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  1. Abstract In recent years, there have been significant advances in multimessenger astronomy due to the discovery of the first, and so far only confirmed, gravitational wave event with a simultaneous electromagnetic (EM) counterpart, as well as improvements in numerical simulations, gravitational wave (GW) detectors, and transient astronomy. This has led to the exciting possibility of performing joint analyses of the GW and EM data, providing additional constraints on fundamental properties of the binary progenitor and merger remnant. Here, we present a new Bayesian framework that allows inference of these properties, while taking into account the systematic modeling uncertainties that arisemore »when mapping from GW binary progenitor properties to photometric light curves. We extend the relative binning method presented in Zackay et al. to include extrinsic GW parameters for fast analysis of the GW signal. The focus of our EM framework is on light curves arising from r -process nucleosynthesis in the ejected material during and after merger, the so-called kilonova, and particularly on black hole−neutron star systems. As a case study, we examine the recent detection of GW190425, where the primary object is consistent with being either a black hole or a neutron star. We show quantitatively how improved mapping between binary progenitor and outflow properties, and/or an increase in EM data quantity and quality are required in order to break degeneracies in the fundamental source parameters.« less
    Free, publicly-accessible full text available December 1, 2022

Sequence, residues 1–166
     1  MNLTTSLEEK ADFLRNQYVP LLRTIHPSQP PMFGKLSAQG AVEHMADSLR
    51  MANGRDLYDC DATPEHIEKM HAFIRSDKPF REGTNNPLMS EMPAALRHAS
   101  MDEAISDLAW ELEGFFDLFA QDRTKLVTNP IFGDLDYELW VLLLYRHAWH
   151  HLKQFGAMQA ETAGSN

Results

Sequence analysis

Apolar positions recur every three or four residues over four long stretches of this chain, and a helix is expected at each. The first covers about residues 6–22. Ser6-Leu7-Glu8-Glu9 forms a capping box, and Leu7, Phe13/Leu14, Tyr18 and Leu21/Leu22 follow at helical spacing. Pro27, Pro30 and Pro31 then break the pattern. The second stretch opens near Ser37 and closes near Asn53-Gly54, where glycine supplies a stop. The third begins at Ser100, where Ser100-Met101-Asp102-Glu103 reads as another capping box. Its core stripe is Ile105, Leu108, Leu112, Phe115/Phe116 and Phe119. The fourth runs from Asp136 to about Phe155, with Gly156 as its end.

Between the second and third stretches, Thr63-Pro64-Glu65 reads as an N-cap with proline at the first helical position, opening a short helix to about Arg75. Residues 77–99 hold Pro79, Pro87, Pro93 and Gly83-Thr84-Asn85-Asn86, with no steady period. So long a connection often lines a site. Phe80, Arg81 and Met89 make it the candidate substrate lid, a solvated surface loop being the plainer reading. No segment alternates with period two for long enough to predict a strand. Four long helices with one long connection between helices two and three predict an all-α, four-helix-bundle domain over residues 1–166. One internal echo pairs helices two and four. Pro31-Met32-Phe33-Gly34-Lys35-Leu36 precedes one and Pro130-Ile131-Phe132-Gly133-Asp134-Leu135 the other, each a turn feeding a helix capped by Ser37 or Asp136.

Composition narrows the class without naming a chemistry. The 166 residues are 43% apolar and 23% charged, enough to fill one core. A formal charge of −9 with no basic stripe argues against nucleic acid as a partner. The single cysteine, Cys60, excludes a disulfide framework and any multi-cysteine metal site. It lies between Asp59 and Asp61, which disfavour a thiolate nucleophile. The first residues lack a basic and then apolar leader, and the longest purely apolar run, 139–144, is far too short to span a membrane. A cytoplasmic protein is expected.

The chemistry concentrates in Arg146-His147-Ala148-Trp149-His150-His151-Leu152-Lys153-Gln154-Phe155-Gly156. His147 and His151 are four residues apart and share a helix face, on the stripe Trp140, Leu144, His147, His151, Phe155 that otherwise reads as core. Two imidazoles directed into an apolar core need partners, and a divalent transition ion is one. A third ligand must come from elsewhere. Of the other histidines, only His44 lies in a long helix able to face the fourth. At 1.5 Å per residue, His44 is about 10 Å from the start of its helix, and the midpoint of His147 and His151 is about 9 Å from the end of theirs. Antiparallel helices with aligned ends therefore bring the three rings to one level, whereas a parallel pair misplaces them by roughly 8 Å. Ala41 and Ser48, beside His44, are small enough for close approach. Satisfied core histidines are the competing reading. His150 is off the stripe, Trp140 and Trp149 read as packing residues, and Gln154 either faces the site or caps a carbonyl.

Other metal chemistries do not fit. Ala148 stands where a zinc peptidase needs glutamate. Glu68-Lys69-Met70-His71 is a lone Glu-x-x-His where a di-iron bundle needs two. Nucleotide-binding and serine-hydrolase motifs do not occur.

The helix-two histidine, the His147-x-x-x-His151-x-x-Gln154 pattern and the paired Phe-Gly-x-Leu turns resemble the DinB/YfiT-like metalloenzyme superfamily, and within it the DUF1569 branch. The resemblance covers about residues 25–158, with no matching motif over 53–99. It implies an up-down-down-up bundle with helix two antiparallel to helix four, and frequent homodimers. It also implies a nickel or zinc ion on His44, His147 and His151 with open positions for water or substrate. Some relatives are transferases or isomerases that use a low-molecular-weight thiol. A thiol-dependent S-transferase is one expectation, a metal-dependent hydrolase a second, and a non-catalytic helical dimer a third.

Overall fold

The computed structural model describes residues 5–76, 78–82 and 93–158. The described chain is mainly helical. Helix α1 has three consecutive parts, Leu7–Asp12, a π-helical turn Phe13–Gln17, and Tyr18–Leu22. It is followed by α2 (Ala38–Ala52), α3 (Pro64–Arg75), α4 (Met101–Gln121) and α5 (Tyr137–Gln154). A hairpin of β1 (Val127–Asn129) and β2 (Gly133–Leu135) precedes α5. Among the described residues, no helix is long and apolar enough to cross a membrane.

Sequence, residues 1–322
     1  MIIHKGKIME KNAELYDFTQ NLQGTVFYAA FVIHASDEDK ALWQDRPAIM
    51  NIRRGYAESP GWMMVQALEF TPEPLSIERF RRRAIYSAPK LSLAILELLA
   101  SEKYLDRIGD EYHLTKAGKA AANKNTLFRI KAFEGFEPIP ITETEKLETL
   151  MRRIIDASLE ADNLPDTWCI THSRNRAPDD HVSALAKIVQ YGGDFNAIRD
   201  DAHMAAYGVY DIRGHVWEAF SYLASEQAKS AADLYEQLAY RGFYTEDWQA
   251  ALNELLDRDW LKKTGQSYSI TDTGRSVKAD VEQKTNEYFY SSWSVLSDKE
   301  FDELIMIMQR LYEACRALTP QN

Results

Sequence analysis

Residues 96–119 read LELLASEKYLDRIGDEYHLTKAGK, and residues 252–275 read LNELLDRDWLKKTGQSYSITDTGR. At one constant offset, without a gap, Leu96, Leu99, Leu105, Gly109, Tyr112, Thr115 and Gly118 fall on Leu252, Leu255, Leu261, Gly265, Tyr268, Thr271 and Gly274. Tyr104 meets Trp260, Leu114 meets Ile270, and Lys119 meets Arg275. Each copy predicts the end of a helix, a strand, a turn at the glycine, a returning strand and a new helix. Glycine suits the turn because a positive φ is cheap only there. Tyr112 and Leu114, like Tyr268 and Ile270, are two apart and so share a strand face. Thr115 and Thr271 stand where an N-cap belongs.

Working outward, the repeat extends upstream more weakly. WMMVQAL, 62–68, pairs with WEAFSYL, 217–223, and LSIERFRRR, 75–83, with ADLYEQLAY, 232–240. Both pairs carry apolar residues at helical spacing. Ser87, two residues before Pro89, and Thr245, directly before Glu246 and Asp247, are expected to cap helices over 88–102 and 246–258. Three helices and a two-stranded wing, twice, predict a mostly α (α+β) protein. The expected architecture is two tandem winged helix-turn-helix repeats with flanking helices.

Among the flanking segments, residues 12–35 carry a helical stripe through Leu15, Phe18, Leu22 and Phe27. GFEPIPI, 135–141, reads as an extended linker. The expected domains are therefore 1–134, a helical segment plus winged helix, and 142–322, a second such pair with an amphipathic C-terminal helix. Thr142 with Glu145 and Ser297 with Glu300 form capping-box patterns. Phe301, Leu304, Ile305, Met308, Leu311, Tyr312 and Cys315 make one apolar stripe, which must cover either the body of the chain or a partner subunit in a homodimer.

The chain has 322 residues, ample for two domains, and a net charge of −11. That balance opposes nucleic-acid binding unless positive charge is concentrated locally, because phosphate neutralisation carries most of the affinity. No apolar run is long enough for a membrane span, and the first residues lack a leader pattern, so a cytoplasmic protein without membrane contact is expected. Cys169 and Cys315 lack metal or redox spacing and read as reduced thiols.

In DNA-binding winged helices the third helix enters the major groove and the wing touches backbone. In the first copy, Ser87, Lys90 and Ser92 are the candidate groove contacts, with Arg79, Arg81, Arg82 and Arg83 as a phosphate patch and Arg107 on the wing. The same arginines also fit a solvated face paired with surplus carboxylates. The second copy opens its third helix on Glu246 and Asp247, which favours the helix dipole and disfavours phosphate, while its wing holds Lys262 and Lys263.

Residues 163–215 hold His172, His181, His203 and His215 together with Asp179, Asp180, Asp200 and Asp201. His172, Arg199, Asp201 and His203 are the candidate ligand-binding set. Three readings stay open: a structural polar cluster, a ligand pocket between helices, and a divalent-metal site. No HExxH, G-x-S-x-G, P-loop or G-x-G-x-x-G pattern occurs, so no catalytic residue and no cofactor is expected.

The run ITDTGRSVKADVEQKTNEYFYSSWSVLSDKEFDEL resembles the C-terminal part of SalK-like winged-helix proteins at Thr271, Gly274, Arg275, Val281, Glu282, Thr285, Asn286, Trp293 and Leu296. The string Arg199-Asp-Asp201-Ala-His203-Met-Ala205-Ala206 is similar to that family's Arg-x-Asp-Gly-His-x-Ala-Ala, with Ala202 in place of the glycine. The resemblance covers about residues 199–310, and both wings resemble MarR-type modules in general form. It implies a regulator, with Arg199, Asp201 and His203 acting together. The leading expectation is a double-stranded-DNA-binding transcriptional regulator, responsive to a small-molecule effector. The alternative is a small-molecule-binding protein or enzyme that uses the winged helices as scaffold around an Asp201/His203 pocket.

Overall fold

2. Abstract We present nimbus : a hierarchical Bayesian framework to infer the intrinsic luminosity parameters of kilonovae (KNe) associated with gravitational-wave (GW) events, based purely on nondetections. This framework makes use of GW 3D distance information and electromagnetic upper limits from multiple surveys for multiple events and self-consistently accounts for the finite sky coverage and probability of astrophysical origin. The framework is agnostic to the brightness evolution assumed and can account for multiple electromagnetic passbands simultaneously. Our analyses highlight the importance of accounting for model selection effects, especially in the context of nondetections. We show our methodology using a simple,more »two-parameter linear brightness model, taking the follow-up of GW190425 with the Zwicky Transient Facility as a single-event test case for two different prior choices of model parameters: (i) uniform/uninformative priors and (ii) astrophysical priors based on surrogate models of Monte Carlo radiative-transfer simulations of KNe. We present results under the assumption that the KN is within the searched region to demonstrate functionality and the importance of prior choice. Our results show consistency with simsurvey —an astronomical survey simulation tool used previously in the literature to constrain the population of KNe. While our results based on uniform priors strongly constrain the parameter space, those based on astrophysical priors are largely uninformative, highlighting the need for deeper constraints. Future studies with multiple events having electromagnetic follow-up from multiple surveys should make it possible to constrain the KN population further.« less
    Free, publicly-accessible full text available January 1, 2023
  3. Free, publicly-accessible full text available June 1, 2023